Language is a human cognitive specialization, and as such, is expected to be supported by human neurological specializations. The arcuate fasciculus is a white matter fiber tract that connects Wernicke’s and Broca’s language areas in the human brain, and also connects the homologues of Wernicke’s and Broca’s areas in non-human primate brains. Damage to the human arcuate fasciculus is implicated in multiple linguistic functions. In contrast to chimpanzees and macaques, the human arcuate fasciculus is larger and extends well beyond classic Wernicke’s area into lateral temporal cortex involved with syntax and semantics. Expansion of this language circuit appears to have displaced adjacent visual pathways in a ventral and posterior direction in the human brain. This specialization of the arcuate fasciculus may help to explain why only humans have language in the complete sense.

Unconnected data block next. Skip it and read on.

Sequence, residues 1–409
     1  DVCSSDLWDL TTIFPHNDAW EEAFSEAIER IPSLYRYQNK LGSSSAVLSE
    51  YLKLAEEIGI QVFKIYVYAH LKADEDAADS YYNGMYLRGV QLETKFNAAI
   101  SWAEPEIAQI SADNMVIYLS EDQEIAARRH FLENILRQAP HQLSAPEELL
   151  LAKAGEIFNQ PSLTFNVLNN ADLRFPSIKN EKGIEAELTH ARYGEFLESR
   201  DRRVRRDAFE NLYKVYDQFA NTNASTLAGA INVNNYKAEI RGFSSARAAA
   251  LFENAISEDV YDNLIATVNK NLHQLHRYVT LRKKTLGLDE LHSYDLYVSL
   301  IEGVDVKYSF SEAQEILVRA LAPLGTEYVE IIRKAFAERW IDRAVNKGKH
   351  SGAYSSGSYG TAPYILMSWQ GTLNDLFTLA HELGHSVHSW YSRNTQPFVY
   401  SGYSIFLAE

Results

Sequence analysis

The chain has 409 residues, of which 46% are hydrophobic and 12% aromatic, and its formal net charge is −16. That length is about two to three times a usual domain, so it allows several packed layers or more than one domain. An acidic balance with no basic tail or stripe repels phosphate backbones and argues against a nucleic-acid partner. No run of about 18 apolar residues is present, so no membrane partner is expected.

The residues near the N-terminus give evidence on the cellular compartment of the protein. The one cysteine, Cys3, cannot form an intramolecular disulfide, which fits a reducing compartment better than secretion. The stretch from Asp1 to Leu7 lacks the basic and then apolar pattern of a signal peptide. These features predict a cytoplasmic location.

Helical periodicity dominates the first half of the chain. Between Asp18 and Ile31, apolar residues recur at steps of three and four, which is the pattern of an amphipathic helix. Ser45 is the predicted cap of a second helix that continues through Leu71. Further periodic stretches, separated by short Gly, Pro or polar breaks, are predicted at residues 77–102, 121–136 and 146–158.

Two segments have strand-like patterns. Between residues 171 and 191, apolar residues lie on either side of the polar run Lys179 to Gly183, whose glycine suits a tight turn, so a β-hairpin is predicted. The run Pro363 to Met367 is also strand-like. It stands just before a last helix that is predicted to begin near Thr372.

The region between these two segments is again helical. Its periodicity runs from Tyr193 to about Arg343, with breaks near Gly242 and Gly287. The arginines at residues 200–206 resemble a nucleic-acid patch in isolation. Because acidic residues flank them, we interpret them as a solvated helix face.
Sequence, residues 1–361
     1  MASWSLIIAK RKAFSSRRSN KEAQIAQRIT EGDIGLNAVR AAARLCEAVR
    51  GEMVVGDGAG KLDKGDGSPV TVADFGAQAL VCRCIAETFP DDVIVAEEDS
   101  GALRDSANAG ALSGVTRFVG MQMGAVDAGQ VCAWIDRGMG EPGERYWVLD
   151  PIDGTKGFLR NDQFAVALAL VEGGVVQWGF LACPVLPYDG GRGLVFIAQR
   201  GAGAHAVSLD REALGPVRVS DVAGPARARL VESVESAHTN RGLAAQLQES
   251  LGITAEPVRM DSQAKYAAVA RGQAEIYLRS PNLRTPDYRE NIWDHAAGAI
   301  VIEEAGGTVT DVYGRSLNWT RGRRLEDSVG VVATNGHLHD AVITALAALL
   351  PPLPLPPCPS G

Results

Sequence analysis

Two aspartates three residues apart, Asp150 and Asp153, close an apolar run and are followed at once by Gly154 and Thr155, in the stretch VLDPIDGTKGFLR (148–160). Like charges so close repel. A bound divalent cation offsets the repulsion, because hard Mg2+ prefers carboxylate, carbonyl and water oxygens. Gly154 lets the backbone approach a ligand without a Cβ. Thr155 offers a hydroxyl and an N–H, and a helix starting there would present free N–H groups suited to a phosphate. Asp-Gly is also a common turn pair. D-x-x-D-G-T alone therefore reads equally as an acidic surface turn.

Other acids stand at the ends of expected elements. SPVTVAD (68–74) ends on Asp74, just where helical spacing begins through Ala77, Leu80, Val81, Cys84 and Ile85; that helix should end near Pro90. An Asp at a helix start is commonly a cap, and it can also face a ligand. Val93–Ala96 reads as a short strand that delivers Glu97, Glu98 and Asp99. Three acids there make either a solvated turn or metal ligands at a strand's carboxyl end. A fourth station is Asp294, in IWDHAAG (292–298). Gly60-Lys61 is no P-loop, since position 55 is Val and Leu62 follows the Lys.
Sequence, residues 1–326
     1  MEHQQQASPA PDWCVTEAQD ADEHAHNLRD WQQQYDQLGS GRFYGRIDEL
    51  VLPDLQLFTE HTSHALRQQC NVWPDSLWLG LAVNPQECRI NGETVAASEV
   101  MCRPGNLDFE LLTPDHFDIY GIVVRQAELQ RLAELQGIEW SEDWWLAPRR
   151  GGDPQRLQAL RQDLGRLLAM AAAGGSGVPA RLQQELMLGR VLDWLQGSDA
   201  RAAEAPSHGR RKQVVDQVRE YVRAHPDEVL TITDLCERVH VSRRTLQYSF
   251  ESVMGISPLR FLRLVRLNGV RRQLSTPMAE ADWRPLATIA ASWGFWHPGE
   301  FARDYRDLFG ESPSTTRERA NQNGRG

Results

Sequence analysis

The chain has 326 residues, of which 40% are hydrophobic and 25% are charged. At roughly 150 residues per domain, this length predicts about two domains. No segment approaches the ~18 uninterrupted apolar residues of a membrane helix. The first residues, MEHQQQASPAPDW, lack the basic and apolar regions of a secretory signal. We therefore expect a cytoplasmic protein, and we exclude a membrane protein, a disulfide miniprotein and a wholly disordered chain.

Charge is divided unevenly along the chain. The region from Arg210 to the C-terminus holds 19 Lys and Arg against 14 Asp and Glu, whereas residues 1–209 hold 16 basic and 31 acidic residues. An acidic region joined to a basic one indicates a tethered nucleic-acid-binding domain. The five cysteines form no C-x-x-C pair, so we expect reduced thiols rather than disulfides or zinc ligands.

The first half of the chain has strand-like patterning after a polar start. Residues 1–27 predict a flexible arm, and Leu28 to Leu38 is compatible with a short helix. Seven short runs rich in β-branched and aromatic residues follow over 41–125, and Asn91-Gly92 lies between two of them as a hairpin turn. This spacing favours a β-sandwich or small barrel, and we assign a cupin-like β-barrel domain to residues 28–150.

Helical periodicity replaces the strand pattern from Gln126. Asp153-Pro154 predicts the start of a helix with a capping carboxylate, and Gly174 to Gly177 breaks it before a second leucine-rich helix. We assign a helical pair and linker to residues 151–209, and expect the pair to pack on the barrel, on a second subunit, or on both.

During embryogenesis, the three germ layers (endoderm, ectoderm, mesoderm) differentiate into epithelial and non-epithelial cells, which eventually form differentiated tissues and organs . Epithelial cells arise from stem cells and often line body surfaces that interact directly with the environment. The type of epithelium reflects location and function. Epithelial cells are typically attached to underlying connective tissue by a basement membrane, and the underlying stroma includes blood vessels, lymphatic vessels, hematopoietic cells, stromal fibroblasts, extracellular matrix, neuronal structures, smooth muscle and adipose tissue. Neoplasia is the term given to the new growth of cells proliferating without regard to stop signals, with attendant new blood vessels, forming a tumor mass (neoplasm). If the growing neoplasm within an epithelial layer stays restricted by a basement membrane and does not invade that barrier, it is designated as a benign tumor. However, once tumor cells undergo multiple genetic changes and breach and infiltrate through the basement membrane, the neoplasm becomes invasive and malignant, and the cells use proteases and glycosidases, which allow breakdown of the extracellular matrix, reaching and invading blood vessels. Abundant data now indicates that we humans are very closely related to other hominids including chimpanzees, bonobos, gorillas, and orangutans (the so-called "great apes", hereafter called non-human hominids, or NHHs. There has been a considerable body of published information regarding their disease profiles, particularly from primate facilities in the USA. Surprisingly, surveys of this existing information suggest that several common human diseases may be partially or completely unique to our species, and that captive chimpanzee population may suffer from different profiles of pathology. Among these apparent differences in disease incidence, one that has been emphasized in multiple reports is the rarity of occurrence of common human carcinomas in captive chimpanzees.We conclude that while relative carcinoma risk is a likely difference between humans and chimpanzees (and possibly other “great apes”), a more systematic survey of available data is required for validation of this claim.